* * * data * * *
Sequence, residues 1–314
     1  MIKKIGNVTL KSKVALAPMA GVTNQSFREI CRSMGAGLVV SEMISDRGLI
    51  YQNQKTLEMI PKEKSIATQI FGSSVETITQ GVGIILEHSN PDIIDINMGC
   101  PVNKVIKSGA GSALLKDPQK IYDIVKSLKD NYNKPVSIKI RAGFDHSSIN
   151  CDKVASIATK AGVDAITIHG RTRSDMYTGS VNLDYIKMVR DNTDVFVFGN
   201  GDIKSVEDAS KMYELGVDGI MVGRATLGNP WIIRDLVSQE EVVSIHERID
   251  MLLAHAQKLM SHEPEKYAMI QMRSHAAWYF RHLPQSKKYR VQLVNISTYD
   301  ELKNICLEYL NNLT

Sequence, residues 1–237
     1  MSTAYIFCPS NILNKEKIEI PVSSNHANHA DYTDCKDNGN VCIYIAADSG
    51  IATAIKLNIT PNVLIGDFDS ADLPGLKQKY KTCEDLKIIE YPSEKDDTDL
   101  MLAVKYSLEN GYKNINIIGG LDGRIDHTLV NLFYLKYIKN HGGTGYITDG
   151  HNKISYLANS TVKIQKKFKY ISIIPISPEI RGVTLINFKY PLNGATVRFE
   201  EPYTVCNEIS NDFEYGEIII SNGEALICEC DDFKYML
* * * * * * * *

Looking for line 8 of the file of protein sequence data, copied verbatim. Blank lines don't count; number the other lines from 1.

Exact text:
   301  ELKNICLEYL NNLT